Well said Jonathan. We all go through that phase in our career where we don't realise that it's our responsibility to teach our clients why we do a certain thing or charge a certain price.

    I am pretty sure that most of the people bashing their clients only have a vague idea of what they actually do. For them to assume that the client must know our profession is unrealistic, else they would be doing it themselves.

    0 points
  • Anna NiessAnna Niess, over 5 years ago

    Sorry dude.

    0 points
    • Jonathan Cutrell, over 5 years ago

      Hopefully the post didn't come of as snooty, which is what I think the tone may be here. Of course tone on the internet is impossible to discern anyway.

      Thing is, I'm not offended, so no sorry's necessary to me. I'm just thinking we could talk together and find better routes for our frustrations to exit our minds and mouths, and bring a little more positive life into our work.

      1 point
  • Paul MartensPaul Martens, 5 years ago

    Odd 'rule'. Don't trash clients on DN, but judge the Designers on DN that do?

    People are free to vent...personally (with one client in particular) had someone vented about them to me beforehand, I would have approached them completely different saving our company 10s of thousands of dollars. Actually, maybe even 100K or so. Not kidding.

    I have great clients too, don't get me wrong...but it's important to warn people....and wouldn't this forum be a great place to do it? Yes, some people go to an extreme, but can we fight black and white thinking with a different kind of black and white thinking?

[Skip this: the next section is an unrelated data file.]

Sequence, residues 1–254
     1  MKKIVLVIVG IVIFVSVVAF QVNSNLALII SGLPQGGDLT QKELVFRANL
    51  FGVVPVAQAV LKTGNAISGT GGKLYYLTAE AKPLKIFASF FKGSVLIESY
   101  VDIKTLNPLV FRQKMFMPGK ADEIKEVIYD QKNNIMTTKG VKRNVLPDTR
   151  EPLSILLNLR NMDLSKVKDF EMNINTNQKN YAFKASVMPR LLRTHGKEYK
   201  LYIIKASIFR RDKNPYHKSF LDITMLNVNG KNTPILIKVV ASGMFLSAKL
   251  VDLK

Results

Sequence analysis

If one is too sensitive to not be able to contain other's conflict or stress (and designers are sensitive!) I get it...I have my limits as well. But let's not be pedantic or admonish others to take the high road: we are all human, on the same road. Sometimes being a designer sucks, sometimes it's awesome?

    0 points
    • Jonathan CutrellJonathan Cutrell, 5 years ago

      Good thoughts here.

      I think there's a difference in "judging" other designers, and seeing things that I know would offend my clients on DN that are propagated by other designers. I don't think it's quite the same thing to challenge others to be more professional as it is to talk behind our clients' backs.

      Sure, there are times where telling legitimate stories makes sense. But I'd dare say none of us would be very comfortable if suddenly our clients learned about DN and came to view our posts personally.

      The question is more about integrity than it is about judging. If you feel okay with saying what you're saying in a public forum, perhaps that's okay for you. But I know that the general tone towards clients on DN is highly negative, so I think it's worth the discussion and collective accountability.

      0 points
      • Paul MartensPaul Martens, 5 years ago

        I'm relatively new to DN...If the tone towards clients is considerably more negative than positive, I might end up aligning with your original post more as time goes on!

        On the whole I feel lucky to be with the clients we have. I'd say 85-90% of them I'm happy working with.

        I thought the invite-only nature of DN kept non-designers out of the forums...!

        0 points